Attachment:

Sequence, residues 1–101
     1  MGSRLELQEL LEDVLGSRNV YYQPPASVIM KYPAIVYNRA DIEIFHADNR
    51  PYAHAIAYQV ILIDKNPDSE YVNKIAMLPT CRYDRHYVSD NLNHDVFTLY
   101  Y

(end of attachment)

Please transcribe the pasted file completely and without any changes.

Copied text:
Sequence, residues 1–101
     1  MGSRLELQEL LEDVLGSRNV YYQPPASVIM KYPAIVYNRA DIEIFHADNR
    51  PYAHAIAYQV ILIDKNPDSE YVNKIAMLPT CRYDRHYVSD NLNHDVFTLY
   101  Y